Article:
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THE COMING ERA OF FLEXIBLE WAYS OF WORKING in the Middle East, Turkey & North Africa

Tags: White paper, emerging markets

Even though the Middle East emerged much later than Europe and the US on the international business scene, numerous conglomerates and multinational companies have established some kind of a set-up in the region. Attracted by the promising growth potential, many multinationals have built large local and regional teams in the main cities such as Istanbul, Cairo, Dubai, Casablanca or Riyadh. Just like anywhere else on the planet, the progress of telecommunication, the increasing interconnectivity of cities by plane and the hiring of the first millennials, have shaken the established organizations to their core. Working space is expected to be friendly of modern design and even a place where you can have fun in. Permanent email and phone connectivity blurs the boundaries between home and work space. Businesses in the region are now challenging the traditional office space, where employees worked a rigid 9am to 6pm shift sitting at their desk. Video conferencing, informal meetings, and work on a project-basis require additional facilities.

One of the growing trends in the Middle East, which is gaining popularity day by day, is the flexibility for employees to work from home. Some of the cities in the region, more particularly Istanbul and Cairo, face horrendous traffic. It is not unusual for employees to spend 3 to 4 hours a day commuting. It is thus no surprise that home-office flexibility becomes as important as remuneration, benefits and job content, when it comes to attracting or retaining talent.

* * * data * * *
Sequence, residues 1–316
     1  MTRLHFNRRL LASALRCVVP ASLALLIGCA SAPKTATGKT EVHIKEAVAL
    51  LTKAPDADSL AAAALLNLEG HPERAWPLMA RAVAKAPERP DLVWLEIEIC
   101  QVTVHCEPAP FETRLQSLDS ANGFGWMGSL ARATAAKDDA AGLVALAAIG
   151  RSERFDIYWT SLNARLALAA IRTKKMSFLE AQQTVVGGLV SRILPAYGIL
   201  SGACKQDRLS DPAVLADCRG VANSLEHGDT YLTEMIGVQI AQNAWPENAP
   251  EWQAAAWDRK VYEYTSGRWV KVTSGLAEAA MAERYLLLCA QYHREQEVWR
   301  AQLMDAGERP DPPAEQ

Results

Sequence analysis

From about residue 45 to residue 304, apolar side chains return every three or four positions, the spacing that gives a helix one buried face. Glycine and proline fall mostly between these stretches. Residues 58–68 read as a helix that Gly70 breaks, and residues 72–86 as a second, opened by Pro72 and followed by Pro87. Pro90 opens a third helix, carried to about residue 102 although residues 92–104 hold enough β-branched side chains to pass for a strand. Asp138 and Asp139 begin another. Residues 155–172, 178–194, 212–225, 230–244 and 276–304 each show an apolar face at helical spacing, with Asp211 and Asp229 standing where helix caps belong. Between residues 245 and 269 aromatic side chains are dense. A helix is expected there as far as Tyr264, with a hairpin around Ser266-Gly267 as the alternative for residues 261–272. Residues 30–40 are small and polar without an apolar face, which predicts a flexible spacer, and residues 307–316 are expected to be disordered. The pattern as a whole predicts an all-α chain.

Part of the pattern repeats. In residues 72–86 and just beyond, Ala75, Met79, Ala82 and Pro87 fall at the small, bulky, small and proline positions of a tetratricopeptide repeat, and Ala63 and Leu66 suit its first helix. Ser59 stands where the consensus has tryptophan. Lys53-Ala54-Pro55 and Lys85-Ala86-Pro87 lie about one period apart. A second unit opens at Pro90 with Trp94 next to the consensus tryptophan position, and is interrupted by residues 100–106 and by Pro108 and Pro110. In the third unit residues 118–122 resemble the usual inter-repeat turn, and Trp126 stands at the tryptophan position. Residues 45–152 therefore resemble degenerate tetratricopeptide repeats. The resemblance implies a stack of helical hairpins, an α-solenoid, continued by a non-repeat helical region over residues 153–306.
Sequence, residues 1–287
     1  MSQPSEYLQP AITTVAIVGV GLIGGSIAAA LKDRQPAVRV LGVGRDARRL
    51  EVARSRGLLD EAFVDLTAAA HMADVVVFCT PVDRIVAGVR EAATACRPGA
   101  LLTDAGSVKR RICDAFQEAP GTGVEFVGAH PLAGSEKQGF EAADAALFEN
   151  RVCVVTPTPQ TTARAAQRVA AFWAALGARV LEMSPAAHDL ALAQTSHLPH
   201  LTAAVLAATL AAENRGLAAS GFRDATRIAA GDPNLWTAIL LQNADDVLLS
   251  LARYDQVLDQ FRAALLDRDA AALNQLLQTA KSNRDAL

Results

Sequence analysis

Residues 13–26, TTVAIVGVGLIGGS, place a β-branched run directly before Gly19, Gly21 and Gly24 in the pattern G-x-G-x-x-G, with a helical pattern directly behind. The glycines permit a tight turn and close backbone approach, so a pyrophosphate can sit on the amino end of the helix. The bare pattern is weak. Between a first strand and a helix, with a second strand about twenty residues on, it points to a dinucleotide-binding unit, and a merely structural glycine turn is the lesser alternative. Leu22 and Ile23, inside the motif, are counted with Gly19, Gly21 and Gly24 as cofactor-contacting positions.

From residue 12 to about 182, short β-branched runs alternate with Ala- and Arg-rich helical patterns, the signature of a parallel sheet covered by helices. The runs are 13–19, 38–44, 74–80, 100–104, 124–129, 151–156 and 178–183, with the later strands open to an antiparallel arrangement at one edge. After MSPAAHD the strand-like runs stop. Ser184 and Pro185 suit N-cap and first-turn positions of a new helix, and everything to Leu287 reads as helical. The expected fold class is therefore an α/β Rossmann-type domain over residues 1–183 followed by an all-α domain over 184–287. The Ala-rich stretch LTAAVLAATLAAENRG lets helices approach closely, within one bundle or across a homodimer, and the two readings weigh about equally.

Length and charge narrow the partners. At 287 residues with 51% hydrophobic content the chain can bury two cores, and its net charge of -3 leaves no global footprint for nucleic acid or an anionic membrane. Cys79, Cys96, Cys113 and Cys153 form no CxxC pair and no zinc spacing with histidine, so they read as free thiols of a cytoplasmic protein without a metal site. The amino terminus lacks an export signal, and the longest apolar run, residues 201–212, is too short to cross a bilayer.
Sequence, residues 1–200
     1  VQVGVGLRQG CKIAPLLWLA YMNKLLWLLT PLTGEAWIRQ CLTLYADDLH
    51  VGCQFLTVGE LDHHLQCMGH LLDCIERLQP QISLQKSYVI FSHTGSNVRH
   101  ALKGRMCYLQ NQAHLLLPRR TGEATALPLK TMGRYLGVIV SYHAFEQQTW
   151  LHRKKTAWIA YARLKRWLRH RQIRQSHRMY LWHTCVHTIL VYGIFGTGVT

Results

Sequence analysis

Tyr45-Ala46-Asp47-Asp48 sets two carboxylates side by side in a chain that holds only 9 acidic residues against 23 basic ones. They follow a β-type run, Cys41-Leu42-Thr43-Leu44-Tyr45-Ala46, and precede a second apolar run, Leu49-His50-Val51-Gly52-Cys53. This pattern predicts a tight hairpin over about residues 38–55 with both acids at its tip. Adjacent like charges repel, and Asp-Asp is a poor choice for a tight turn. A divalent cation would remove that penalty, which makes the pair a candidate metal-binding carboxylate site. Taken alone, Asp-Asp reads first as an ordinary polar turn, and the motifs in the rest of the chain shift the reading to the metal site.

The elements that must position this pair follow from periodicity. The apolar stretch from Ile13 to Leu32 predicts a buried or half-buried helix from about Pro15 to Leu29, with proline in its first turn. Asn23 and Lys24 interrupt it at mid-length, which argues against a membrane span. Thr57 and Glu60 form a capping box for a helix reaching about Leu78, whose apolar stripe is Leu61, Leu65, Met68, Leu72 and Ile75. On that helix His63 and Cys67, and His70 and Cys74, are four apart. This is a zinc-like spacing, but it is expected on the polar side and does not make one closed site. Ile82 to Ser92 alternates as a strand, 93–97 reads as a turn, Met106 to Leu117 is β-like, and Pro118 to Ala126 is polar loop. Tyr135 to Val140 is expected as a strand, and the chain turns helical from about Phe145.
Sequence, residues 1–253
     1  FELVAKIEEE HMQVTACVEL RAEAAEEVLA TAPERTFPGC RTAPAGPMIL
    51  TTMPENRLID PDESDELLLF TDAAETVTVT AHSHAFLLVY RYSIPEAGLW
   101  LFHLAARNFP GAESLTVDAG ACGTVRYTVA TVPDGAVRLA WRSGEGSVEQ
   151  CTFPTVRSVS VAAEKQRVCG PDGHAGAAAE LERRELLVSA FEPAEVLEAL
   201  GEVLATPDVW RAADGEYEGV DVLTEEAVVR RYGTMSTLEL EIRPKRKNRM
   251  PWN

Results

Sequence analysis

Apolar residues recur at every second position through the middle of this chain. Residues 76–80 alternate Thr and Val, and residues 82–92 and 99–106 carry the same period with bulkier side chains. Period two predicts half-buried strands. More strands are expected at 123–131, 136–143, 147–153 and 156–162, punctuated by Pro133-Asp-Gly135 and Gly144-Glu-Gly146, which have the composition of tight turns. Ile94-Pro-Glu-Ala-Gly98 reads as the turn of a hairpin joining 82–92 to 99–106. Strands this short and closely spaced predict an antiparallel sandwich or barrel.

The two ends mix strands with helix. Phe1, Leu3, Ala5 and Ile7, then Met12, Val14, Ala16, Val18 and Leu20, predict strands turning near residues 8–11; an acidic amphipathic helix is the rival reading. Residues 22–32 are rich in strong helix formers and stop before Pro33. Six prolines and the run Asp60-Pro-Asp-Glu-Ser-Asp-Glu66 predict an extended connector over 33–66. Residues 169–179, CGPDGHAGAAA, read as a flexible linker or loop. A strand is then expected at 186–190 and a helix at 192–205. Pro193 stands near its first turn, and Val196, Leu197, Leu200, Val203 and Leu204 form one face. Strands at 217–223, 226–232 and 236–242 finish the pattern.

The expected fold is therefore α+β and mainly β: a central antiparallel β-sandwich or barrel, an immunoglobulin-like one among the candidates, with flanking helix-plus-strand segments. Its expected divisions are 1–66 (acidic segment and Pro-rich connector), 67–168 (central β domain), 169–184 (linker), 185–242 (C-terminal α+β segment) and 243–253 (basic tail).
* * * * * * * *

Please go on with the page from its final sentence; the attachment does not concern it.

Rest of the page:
In the recent years, multinationals have started to adopt an open space set-up to reflect their values of transparency and teamwork. Directors and Managers are now invited to join their teams in an open space. Meeting rooms offer the required confidentiality for conferences and sensitive conversations. This is sometimes hard to digest in a region where a private office stands for position and status.

An even more advanced form of this trend is desk-sharing. The idea came as a solution to reducing office costs, which may well be the second largest expenditure after payroll, while desks are often underutilised. Consultancy firms whose teams often spend most of their time at client sites, lead that initiative, which enabled them to improve their P&L significantly.

Newly-founded businesses are early adopters of nomadic work habits. Co-working is booming in cities like Dubai, a hub for regional start-ups. Flexible desks and meeting areas are offered by well-known global players in flexible workspace solutions, however independent co-working spaces are flourishing. Even the government-managed free-zones are now offering workspace to newly registered companies.

This whitepaper attempts to highlight trends on the workspace evolution in the Middle East region, and how the latter impacts on international businesses. We believe the best way to explore these trends would be through testimonies of people that have led and/or coordinated their implementation in their business environment. We selected key note speakers, each one representing one of four key markets in the region: Dubai, Egypt, Turkey and the Kingdom of Saudi Arabia(KSA) and asked them the same questions for consistency.

We hope that our exercise will provide you with interesting insights and perhaps some food for thought.


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